Posted by psgels on 12 November 2008 with categories: Mouryou no Hako



Short Synopsis: Toriguchi shares his theories with Akihiko.
Highlights: I can’t recall having seen any episode for the past year that had more dialogue in it than this one…
Overall Enjoyment Value: 8/10 (Excellent)
Wow… just wow. When I thought that the previous episode was full of dialogue, this episode becomes even more extreme: the entire episode, safe for a few flashbacks and the intro, took place in one room, featuring just three characters talking. Like mentioned above, the only episode I can think of that matches the amount of dialogue here is from Seirei no Moribito, when Barsa got her spear fixed. I really love these sorts of episodes, which are really mind-boggling to try and understand. But yeah, the hard part comes in understanding them.

I think that the first half focuses a bit on a side-story, when Akihiko shares a bit of background on the spiritual roots of the series. The drawing with the four gates that Toriguchi draw reminded me a lot of the four Gods that watch over Kyoto from the four different directions, but it also seems to be a drawing of a shrine that Toriguchi once visited, which resided on a mountain and had four different-coloured shines in the different wind-directions. I originally thought that that was something only Kyoto had, but it seems that there are more shrines of this type, with a smaller scale.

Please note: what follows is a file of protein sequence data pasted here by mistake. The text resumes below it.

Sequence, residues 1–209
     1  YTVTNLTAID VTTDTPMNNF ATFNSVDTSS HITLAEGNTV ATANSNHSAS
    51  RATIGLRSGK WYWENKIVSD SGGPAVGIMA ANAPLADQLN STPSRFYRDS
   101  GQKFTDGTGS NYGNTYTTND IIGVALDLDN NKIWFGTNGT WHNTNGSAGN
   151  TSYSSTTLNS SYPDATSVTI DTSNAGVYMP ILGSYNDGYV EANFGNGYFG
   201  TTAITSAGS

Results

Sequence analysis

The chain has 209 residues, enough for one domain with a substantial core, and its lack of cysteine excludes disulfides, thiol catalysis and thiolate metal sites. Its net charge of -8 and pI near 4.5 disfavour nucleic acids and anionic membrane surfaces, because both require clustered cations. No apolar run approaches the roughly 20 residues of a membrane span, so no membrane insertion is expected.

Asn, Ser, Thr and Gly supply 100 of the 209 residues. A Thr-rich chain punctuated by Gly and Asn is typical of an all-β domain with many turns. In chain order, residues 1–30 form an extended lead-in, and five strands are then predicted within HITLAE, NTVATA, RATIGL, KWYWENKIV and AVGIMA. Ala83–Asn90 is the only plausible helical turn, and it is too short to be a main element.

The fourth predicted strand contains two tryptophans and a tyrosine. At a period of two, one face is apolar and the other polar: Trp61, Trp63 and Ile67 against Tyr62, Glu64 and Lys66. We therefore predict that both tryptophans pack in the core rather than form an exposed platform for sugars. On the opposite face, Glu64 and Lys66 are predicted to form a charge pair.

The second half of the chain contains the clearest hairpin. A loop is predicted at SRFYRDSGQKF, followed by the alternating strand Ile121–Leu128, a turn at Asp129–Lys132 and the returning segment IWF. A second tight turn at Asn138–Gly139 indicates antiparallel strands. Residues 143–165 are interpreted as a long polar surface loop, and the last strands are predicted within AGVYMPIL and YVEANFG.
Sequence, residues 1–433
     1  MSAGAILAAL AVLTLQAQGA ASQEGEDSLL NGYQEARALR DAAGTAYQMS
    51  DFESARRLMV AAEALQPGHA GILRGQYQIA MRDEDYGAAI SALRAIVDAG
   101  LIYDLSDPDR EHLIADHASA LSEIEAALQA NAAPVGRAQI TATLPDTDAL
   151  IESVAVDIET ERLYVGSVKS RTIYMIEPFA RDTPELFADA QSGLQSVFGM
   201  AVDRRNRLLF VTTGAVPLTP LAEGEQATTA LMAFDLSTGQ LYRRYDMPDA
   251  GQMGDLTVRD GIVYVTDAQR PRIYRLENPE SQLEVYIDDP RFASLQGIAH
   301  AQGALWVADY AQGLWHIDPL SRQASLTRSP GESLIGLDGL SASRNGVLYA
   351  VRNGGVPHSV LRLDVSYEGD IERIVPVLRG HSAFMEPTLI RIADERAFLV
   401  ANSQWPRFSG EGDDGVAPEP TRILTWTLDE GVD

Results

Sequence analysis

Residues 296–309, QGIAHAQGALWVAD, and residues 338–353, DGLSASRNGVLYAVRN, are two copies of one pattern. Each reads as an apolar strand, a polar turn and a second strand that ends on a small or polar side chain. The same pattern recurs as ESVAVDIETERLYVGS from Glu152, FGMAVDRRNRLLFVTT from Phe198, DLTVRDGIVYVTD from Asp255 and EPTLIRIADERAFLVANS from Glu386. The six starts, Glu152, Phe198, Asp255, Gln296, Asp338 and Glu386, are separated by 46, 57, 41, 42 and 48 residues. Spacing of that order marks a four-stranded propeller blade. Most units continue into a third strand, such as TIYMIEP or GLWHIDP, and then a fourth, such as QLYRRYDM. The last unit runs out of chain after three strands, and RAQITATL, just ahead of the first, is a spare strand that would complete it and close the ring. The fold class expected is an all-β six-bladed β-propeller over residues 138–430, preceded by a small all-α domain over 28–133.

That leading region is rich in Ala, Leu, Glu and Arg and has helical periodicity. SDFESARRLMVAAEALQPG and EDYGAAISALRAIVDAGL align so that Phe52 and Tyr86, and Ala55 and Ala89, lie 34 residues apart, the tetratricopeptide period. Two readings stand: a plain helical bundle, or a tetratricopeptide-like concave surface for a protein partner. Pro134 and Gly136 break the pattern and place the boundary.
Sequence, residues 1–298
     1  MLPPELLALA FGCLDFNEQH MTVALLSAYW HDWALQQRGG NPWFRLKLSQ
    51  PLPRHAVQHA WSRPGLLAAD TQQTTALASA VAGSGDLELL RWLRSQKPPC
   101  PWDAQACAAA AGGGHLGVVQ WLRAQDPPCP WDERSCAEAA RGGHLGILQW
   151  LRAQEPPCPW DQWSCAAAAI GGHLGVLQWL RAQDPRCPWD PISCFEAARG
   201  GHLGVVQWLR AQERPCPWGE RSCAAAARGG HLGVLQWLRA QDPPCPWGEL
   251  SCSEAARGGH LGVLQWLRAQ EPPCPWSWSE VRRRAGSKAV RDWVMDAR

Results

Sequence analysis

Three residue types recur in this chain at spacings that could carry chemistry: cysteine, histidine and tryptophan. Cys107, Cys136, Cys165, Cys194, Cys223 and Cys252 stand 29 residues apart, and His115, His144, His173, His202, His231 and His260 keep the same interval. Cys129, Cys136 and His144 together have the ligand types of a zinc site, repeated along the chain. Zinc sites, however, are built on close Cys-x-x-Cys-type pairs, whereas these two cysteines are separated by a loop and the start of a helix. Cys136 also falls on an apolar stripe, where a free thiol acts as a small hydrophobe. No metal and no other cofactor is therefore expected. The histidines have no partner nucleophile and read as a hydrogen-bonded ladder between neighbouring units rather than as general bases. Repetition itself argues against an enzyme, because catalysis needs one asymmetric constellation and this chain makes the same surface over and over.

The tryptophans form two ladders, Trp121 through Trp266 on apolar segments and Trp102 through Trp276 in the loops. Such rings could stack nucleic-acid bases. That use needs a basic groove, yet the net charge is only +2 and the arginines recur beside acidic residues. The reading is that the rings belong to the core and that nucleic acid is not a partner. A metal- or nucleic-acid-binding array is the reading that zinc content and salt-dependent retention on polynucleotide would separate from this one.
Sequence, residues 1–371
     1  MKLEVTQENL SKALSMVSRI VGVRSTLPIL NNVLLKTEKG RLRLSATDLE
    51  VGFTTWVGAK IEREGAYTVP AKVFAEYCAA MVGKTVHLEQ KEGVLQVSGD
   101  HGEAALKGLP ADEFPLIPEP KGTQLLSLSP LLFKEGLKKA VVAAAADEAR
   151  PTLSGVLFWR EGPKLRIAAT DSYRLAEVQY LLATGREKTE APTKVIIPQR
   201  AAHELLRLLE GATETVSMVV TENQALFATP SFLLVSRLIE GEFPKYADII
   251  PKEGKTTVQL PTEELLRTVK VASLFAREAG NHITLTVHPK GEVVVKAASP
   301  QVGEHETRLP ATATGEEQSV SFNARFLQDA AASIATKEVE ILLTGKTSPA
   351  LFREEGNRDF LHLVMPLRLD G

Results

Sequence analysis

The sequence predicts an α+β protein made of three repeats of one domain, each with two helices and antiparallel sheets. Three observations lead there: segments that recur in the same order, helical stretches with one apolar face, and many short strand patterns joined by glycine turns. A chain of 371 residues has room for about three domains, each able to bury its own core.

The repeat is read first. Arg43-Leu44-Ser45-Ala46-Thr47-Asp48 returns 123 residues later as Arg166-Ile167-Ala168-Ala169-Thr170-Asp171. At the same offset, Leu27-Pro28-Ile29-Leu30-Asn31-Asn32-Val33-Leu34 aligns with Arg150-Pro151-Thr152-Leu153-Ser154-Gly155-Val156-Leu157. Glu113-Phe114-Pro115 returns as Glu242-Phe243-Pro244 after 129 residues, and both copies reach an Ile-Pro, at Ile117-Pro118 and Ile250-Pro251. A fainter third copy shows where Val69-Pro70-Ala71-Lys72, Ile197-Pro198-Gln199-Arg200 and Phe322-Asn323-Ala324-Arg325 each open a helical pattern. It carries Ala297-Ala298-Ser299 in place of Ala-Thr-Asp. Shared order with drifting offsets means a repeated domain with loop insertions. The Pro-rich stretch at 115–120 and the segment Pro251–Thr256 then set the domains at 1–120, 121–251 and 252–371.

I think the whole point of that first half is that they’re discussing what Akihiko’s powers might be, and they move across different possibilities, like fraud or spiritual powers (which Akihiko both denies), in order to get a good comprehension of what he can and can’t do (which will probably be of a vital importance in the series’ second half, when these guys will probably start solving the case around the boxed murders). What caught my attention is that this series fully acknowledges that most mediums are frauds, despite being a supernatural series. I’ve only seen this at Ghost Hunt before, and it’s an interesting effect, giving the real supernatural effects even more of a mysterious flavour. Especially in this series, since we still haven’t got a bloody clue what went on back there in the research facility.

In the end, it seems that Akihiko prefers to be called a medium, as that’s where his powers seem to fit in best. I don’t believe he explained how exactly how power worked, but I don’t care whether he did or not, those are just mere details. The fact remains that this series is doing more than just basing itself off a few cultural references randomly grabbed from Wikipedia, but instead tries something much more complex, that goes beyond mere customs and folklore.

In any case, I found it pretty amusing that Akihiko thought that Sekiguchi and Toriguchi were merely visiting him because they wanted that background on his powers, but of course there’s much more than that. In the second half of the episode, Toriguchi reveals that he’s discovered quite a bit about the case with the boxed limbs. A strange guy came to him with a story he wrote (it seems that Toriguchi is also some kind of editor, explaining why he knows Sekiguchi), and his story sparked a few strange parallels to the box-murder-case. The guy didn’t seem to care how much he got paid for it, as long as it gets published.